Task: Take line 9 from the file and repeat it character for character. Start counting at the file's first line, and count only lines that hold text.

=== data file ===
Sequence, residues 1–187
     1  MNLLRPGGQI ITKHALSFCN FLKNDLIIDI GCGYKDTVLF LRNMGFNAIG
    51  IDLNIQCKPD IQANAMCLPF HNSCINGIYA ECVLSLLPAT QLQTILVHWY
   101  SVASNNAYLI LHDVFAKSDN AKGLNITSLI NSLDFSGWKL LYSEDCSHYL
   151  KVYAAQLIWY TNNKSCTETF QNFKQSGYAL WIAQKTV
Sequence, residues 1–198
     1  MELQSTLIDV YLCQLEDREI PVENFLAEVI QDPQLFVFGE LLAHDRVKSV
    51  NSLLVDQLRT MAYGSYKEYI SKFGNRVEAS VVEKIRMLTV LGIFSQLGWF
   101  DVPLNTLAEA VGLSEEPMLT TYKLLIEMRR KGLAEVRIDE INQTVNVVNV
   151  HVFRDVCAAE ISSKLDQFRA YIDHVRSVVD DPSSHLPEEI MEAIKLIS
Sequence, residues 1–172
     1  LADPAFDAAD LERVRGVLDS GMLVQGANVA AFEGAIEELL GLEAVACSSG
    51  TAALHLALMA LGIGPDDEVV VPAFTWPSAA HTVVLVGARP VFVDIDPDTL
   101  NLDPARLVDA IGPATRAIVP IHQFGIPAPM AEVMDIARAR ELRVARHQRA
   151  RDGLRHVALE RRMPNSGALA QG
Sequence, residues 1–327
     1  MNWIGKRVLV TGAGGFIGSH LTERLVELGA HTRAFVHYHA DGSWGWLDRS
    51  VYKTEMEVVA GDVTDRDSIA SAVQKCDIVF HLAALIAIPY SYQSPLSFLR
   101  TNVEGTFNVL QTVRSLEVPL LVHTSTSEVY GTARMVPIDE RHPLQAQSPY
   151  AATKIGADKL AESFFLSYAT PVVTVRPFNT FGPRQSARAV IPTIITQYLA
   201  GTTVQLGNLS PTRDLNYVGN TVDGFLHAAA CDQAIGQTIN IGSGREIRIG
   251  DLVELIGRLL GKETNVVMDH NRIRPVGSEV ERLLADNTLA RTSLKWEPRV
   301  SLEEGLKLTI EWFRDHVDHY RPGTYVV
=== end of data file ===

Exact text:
   101  DVPLNTLAEA VGLSEEPMLT TYKLLIEMRR KGLAEVRIDE INQTVNVVNV